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Space exploration
Microgravity

 

Microgravity

Once in orbit, the space vehicle and everything inside it experience a condition called microgravity. The vehicle and its contents fall freely, resulting in an apparently weightless floating aboard the spacecraft. For this reason, microgravity is also referred to as zero gravity. However, both terms are technically incorrect. The gravitation in orbit is only slightly less than the gravitation on Earth. The spacecraft and its contents continuously fall toward Earth. But because of the vehicle's tremendous forward speed, Earth's surface curves away as the vehicle falls toward it. The continuous falling seems to eliminate the weight of everything inside the spacecraft. For this reason, the condition is sometimes referred to as weightlessness.

Microgravity has major effects on both equipment and people. For example, fuel does not drain from tanks in microgravity, so it must be squeezed out by high-pressure gas. Hot air does not rise in microgravity, so air circulation must be driven by fans. Particles of dust and droplets of water float throughout the cabin and only settle in filters on the fans.

The human body reacts to microgravity in a number of ways. In the first several days of a mission, about half of all space travelers suffer from persistent nausea, sometimes accompanied by vomiting. Most experts believe that this "space sickness," called space adaptation syndrome, is the body's natural reaction to microgravity. Drugs to prevent motion sickness can provide some relief for the symptoms of space adaptation syndrome, and the condition generally passes in a few days.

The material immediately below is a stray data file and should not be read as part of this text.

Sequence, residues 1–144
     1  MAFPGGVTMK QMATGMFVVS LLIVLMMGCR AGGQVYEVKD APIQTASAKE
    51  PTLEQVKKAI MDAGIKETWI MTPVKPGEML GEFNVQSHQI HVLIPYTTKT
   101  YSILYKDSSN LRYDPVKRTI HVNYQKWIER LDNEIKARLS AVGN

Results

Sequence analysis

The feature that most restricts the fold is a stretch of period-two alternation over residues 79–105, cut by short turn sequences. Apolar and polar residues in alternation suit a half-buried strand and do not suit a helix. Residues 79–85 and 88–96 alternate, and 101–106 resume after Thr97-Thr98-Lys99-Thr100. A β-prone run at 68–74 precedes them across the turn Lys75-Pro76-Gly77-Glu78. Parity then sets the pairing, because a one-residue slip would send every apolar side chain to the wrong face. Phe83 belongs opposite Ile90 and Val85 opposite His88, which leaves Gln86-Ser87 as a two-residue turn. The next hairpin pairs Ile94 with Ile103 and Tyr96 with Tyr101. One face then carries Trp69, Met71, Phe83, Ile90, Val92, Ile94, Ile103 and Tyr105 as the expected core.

Microgravity also confuses an astronaut's vestibular system-that is, the organs of balance in the inner ear-by preventing it from sensing differences in direction. After a few days in space, the vestibular system disregards all directional signals. Soon after an astronaut returns to Earth, the organs of balance resume normal operation.

Over a period of days or weeks, an astronaut's body experiences deconditioning. In this process, muscles grow weak from lack of use, and the heart and blood vessels "get lazy." Strenuous exercise helps prevent deconditioning. Space travelers ride exercise bikes, use treadmills, and perform other types of physical activity.

After many months in space, a process called demineralization weakens the bones. Most physicians believe that demineralization results from the absence of stress on the bones in a weightless environment. The experiences of Soviet cosmonauts who spent long periods in orbit showed that vigorous exercise and a special diet can minimize demineralization.


Contributor: James Oberg, M.S., Spaceflight Engineer; author, UFOs and Outer Space Mysteries.
Source : World Book 2005

Space exploration
 
What is space?
Getting into space and back
Living in space
Microgravity
Meeting basic needs in space
Communicating with Earth
The dawn of the space age
Space probes
Probes to Venus
Probes to Jupiter and beyond
Probes to comets
Human beings enter space
Apollo: Mission to the moon
Exploring the moon
Returning to Earth
The International Space Station
Space shuttles
Types of shuttle missions